Lessons from Yo La Tengo: How to survive 30 years in the music industry
The album is dead.
Labels are sucking artists dry.
Getting your song in a commercial or TV show is the only way bands make money anymore.
These are three truisms of the new music industry – though they’ve probably been around for a lot longer than the Internet has – that have been repeated by countless critics and commentators. I’m sure I’ve repeated them without much thought more times than I’d like to admit.
But don’t tell them to the Hoboken, NJ three-piece Yo La Tengo.
2015 marks the 30th year since the release of the group’s debut album, Ride the Tiger, and this August, the band will release its thirteenth record. While it’s remarkable for any band to play and put out music consistently for three full decades, what’s even more remarkable perhaps is that Yo La Tengo has done it while proving all three of those truisms wrong.
Today as much as ever, the band is a slave to the album. Their upcoming release, Stuff Like That There, is even a concept album – a spiritual sequel to their now-unGooglable 1990 release, Fakebook (no, iOS note-taking app, I don’t mean “Facebook”).
Despite spending the better part of the past twenty years flirting with the mainstream, they’ve avoided getting sucked up by a major label, sticking with the legendary independent imprint Matador Records, and helping to build it into the one of the world’s most important stewards of indie music.
And finally, the band is famously cautious in allowing its music to be used in commercials, television shows, and films. Last year, they made a rare exception, allowing 2013’s “I’ll Be Around” to appear on the Boyhood soundtrack. But that was for an unprecedented cinematic experiment made by the patron saint of indie filmmaking. If the marketers at Urban Outfitters came calling looking for a song to accompany its new September line of long-sleeves, I’d doubt they’d be so lucky.
In essence, Yo La Tengo has charted a path in the music industry that is at once gloriously traditional and boldly individualistic. And while that may sound old-fashioned to some, in talking to guitarist/lead singer Ira Kaplan and bassist James McNew, it becomes clear that maybe the new way of making it in the music industry looks a lot like the old way -- or at least the old way for smaller artists. And by refusing – or, more accurately, not feeling the need -- to “evolve” or “adapt” to the digital age, Yo La Tengo has in its own way become more well-suited to these insane unsustainable times than bands far younger and “hipper.”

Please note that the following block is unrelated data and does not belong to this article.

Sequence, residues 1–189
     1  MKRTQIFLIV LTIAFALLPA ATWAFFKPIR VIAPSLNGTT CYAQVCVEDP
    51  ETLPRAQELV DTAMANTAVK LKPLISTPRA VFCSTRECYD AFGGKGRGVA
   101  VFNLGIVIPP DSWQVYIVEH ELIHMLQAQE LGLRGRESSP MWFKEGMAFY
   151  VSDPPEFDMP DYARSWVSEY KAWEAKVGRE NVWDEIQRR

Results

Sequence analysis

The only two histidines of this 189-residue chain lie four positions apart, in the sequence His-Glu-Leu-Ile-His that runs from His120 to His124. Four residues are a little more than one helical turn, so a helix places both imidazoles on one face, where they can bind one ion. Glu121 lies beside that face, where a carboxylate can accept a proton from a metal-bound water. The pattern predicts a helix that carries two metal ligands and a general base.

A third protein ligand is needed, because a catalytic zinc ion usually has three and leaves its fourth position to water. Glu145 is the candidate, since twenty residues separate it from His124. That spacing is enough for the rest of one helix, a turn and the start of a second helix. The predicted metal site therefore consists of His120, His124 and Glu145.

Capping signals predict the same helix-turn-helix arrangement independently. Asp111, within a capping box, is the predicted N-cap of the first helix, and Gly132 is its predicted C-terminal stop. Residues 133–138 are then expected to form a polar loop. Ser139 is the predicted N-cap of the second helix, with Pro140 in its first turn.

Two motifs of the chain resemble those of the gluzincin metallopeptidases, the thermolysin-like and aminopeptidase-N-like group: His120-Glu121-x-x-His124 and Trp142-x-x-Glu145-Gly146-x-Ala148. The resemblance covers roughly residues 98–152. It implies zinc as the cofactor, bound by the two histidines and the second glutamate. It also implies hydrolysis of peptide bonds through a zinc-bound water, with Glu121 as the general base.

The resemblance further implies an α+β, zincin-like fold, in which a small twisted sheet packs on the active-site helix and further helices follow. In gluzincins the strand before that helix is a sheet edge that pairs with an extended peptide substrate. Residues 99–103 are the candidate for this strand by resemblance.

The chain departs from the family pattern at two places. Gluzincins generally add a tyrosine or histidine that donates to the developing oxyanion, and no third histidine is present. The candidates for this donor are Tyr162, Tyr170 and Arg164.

Sure, their success in the digital age has a element of circumstance to it – the band’s basically been following the same playbook for the past three decades – but the success itself is very real. Since Yo La Tengo’s stone-cold classic from 1997, I Can Hear the Heart Beating As One, which was released near the height of the music industry but failed to crack the charts, each of their last five albums has charted in the US higher than the last – a claim I’m not sure any other active band in the world can claim – from #138 to #115 to #66 to #58 to #26.
So how did a trio of middle-aged, knowingly unglamorous New Jerseyites pull that off?
The death of the album? Says who?
Two years ago, on the heels of the band’s 2013 release Fade, I watched a buddy of mine Josh Antonuccio, a music engineer and lecturer at Ohio University, interview Yo La Tengo’s lead singer Ira Kaplan in front of a class of media students. One of the war stories Kaplan shared involved asking the folks at Matador before writing the tracks for Fade, "Do you want us to make a record? Does that make sense for 2013? Do you want us to record songs once a month that people can download?”
“We were happy they wanted us to make an album that's designed to be listened to start to finish,” Kaplan recalls, “whether or not the bulk of the people are doing that. But if they suggested something else we'd be interested in meeting that challenge."
Matador advised the band to stay the course, and they haven’t looked back since. This year, when I asked Kaplan, who turned 58 last January, if the same question arose when conceptualizing the band’s upcoming release, Stuff Like That There, he said he didn’t even consider taking any other route.
“We are of a certain age when the album was the focus of our expression growing up,” Kaplan told me. “This is the language we grew up with. So we might as well speak in the language we know.”
That’s as elegant a justification for putting out an album in 2015 than you’re likely to hear anywhere else.